Thirty colleges and universities were designated as Hispanic-Serving Institutions (HSIs) during the 2019-2020 academic year, bringing the grand total of HSIs nationwide to nearly 570, according to an analysis by the Hispanic Association of Colleges and Universities (HACU) released on Tuesday.
HSIs are defined as having at least 25 percent of Hispanic students enrolled. HACU analyzed the most recent enrollment data from the Integrated Postsecondary Education Data System and found that during the 2019-2020 academic year, HSIs made up 17 percent of all institutions of higher education. They also enrolled 67 percent of all Hispanic undergraduate students.
The HACU also found that HSIs have increased by 29 institutions on average each year since 2013. In total, HSIs represent 569 institutions in 28 states, the District of Columbia, and Puerto Rico, which is an increase from 539 institutions in 2018–19.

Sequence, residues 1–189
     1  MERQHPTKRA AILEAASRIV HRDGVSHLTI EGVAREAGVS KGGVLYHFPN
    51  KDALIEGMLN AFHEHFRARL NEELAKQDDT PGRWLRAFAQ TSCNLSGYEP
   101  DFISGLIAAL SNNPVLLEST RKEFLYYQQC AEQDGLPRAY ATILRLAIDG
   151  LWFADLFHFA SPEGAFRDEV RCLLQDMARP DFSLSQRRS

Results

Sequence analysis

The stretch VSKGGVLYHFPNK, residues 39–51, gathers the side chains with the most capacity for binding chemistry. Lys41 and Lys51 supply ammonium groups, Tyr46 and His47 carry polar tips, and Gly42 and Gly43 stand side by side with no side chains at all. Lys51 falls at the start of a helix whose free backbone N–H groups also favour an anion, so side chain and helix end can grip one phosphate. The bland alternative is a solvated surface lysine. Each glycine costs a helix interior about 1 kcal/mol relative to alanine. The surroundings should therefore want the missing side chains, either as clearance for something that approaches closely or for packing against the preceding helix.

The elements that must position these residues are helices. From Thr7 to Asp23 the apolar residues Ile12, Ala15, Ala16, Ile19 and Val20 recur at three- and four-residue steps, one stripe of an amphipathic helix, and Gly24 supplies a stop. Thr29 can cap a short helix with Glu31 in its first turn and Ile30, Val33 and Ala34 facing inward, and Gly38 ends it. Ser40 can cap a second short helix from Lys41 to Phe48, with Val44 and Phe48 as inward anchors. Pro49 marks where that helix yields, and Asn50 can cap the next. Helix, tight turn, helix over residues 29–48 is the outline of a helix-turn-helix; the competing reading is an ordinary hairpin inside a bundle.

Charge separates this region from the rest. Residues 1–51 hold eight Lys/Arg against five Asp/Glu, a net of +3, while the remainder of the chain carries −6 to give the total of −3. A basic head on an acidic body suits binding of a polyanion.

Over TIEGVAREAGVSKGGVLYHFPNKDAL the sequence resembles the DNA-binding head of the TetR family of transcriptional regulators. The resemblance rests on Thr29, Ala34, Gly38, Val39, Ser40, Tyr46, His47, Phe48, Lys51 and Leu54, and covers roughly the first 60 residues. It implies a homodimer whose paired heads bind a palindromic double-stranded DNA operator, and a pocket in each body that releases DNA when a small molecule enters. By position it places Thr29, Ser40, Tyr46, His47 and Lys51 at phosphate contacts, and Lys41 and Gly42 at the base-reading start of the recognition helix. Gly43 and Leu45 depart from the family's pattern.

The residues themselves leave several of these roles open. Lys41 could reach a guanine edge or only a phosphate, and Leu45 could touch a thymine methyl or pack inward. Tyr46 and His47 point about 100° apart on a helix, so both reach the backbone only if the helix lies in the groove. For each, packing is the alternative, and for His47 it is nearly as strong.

Over the past few decades, college enrollment for Hispanic and Latinx students has soared. When the federal government first appropriated special funding for HSIs in 1995, an estimated 1 million Hispanic and Latinx students attended American colleges and universities. Today, 3.6 million Hispanic students were estimated to be enrolled in colleges and universities during the 2019-2020 academic year.
By 2025, Hispanic and Latinx student enrollment in higher education is expected to exceed 4.4 million, which surpasses the growth rate of any other racial or ethnic group, according to the HACU.